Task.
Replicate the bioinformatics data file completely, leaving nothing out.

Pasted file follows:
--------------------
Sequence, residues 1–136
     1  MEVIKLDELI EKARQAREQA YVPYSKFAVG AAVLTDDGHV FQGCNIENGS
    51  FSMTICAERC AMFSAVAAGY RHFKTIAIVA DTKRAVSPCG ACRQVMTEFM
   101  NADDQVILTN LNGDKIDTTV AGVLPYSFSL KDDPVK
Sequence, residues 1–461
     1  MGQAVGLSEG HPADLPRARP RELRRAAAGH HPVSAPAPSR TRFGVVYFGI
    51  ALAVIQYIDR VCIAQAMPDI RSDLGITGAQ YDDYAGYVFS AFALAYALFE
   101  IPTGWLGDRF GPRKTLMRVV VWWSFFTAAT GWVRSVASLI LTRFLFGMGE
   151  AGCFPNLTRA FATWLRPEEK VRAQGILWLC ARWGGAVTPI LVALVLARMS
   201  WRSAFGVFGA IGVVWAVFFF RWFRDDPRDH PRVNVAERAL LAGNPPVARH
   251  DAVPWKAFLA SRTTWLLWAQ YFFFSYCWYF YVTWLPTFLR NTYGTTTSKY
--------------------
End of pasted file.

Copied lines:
Sequence, residues 1–136
     1  MEVIKLDELI EKARQAREQA YVPYSKFAVG AAVLTDDGHV FQGCNIENGS
    51  FSMTICAERC AMFSAVAAGY RHFKTIAIVA DTKRAVSPCG ACRQVMTEFM
   101  NADDQVILTN LNGDKIDTTV AGVLPYSFSL KDDPVK
Sequence, residues 1–461
     1  MGQAVGLSEG HPADLPRARP RELRRAAAGH HPVSAPAPSR TRFGVVYFGI
    51  ALAVIQYIDR VCIAQAMPDI RSDLGITGAQ YDDYAGYVFS AFALAYALFE
   101  IPTGWLGDRF GPRKTLMRVV VWWSFFTAAT GWVRSVASLI LTRFLFGMGE
   151  AGCFPNLTRA FATWLRPEEK VRAQGILWLC ARWGGAVTPI LVALVLARMS
   201  WRSAFGVFGA IGVVWAVFFF RWFRDDPRDH PRVNVAERAL LAGNPPVARH
   251  DAVPWKAFLA SRTTWLLWAQ YFFFSYCWYF YVTWLPTFLR NTYGTTTSKY